The evacuees from the south and the north are dispersed in hundreds of hotels in the center of the country. Hence, they have no permanent home, have no privacy and many have no work, nothing to do for months on end and experience feelings of powerlessness. Some pupils are not capable of returning to their temporary schools because of anxieties, depression and fear. Some teenagers have turned to drugs and alcohol which increases violence and vandalism. For them school is experienced as a waste of time. Their friends were murdered, some still have relatives in captivity and everything is falling apart. They also experience sleep disruptions and are in no mood to study. For them life is a living hell. Some families are moved from city to city several times. The children do not have friends in the new locations and they feel lonely and express a lack of social support.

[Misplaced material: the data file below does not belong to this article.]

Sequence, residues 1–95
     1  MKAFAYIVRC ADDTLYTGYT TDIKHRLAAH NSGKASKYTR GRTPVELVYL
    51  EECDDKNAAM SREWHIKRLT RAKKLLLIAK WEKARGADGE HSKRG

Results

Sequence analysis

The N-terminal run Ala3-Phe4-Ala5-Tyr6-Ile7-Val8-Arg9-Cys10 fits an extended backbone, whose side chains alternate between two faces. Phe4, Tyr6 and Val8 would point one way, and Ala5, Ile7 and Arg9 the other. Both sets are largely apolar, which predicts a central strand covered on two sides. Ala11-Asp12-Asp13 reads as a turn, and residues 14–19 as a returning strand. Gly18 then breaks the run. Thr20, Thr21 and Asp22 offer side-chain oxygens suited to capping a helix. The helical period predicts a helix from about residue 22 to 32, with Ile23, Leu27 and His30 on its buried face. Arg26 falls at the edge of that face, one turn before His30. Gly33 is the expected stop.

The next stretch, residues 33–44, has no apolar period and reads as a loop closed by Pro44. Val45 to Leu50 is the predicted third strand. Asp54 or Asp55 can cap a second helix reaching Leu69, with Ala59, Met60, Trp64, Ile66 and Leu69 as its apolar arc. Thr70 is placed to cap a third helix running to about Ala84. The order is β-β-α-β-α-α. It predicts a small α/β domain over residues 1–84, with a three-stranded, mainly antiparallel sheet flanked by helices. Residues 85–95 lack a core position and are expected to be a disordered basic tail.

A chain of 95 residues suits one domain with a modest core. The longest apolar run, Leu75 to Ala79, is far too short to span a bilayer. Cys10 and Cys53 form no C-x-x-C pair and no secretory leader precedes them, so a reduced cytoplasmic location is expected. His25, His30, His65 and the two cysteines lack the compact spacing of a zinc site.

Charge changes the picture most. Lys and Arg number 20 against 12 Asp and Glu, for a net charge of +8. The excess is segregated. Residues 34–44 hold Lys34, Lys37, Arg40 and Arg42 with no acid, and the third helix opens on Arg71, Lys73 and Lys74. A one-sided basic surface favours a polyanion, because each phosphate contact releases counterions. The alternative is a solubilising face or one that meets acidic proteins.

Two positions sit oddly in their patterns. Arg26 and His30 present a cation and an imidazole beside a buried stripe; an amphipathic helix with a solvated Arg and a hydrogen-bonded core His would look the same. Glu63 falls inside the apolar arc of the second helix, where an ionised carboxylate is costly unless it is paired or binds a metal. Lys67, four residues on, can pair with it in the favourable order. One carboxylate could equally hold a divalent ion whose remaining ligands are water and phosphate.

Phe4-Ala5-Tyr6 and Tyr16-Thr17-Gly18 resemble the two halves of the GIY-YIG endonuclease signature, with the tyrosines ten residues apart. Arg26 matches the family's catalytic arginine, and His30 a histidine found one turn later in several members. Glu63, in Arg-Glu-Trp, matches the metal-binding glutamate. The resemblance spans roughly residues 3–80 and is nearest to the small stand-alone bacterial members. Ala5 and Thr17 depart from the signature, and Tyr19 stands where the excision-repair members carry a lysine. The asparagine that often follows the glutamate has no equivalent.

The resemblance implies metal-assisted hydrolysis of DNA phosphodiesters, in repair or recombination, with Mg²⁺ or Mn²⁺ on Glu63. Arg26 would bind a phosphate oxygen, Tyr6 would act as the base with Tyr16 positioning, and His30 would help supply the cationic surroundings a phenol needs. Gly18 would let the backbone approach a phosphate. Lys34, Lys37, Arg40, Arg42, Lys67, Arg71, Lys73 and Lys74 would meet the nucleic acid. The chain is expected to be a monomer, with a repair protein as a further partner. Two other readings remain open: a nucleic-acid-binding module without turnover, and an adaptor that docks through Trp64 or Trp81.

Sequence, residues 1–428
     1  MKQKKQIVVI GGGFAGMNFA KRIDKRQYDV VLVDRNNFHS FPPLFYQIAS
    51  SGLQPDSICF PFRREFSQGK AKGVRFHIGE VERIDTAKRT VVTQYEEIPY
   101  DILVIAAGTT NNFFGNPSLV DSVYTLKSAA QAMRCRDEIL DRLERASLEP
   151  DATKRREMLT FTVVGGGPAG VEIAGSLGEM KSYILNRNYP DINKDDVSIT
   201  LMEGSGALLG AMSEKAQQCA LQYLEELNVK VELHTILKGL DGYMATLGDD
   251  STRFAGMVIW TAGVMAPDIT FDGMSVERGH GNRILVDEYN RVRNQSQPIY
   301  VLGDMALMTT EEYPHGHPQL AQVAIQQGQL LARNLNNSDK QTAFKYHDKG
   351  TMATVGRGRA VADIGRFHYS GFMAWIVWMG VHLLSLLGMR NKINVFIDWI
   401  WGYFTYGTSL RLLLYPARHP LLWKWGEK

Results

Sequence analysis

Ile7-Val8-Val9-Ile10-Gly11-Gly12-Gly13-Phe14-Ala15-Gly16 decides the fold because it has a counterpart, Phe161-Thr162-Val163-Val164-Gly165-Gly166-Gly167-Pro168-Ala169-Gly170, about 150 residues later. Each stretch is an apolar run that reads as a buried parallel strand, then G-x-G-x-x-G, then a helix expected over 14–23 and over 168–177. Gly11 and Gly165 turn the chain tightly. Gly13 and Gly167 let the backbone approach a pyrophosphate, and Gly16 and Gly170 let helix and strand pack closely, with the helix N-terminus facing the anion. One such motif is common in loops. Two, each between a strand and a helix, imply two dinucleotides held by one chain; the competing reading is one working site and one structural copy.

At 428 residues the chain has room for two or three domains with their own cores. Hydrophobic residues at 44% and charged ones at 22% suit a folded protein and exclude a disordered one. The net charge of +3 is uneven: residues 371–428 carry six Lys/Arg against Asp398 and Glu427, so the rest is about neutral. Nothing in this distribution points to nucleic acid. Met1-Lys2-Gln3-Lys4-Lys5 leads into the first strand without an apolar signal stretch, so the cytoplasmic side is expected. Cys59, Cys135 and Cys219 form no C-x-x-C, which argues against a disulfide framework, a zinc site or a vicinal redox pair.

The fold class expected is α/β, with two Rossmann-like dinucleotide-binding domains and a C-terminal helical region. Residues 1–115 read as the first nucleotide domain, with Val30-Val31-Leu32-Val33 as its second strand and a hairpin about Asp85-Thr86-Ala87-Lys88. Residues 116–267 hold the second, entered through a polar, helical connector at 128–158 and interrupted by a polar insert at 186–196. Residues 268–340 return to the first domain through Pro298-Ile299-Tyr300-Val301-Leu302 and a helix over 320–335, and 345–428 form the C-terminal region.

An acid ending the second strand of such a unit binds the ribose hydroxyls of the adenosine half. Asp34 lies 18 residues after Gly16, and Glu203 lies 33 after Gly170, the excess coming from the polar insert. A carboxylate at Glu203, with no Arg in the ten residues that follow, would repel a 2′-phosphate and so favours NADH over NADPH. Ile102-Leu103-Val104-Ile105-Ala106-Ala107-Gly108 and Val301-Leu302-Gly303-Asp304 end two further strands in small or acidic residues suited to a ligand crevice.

In the realm of parenting many mothers even those who were NOT directly exposed to the dramatic events reported that their children cry more (eighty three percent). Others say the children have difficulties sleeping (seventy three percent), have concentration problems (fifty four percent) and many children are developing eating disorders. In sixty percent the anxiety of the children is so high it hurts functioning. For example, they are often afraid to leave the house. Other disturbances were reported such as bed-wetting, insisting on sleeping with their parents and acts of anger and aggression.
We, as Israelis are also concerned with our Jewish brethren who are experiencing thousands of antisemitic incidents, higher than the number of all incidents in the last decade. There are many Jews in the diaspora who are considering emigration to Israel after experiencing antisemitic events such as seeing their synagogue, Hebrew school, kosher butcher and other Jewish businesses being stoned and burned. For them Israel is their safest haven.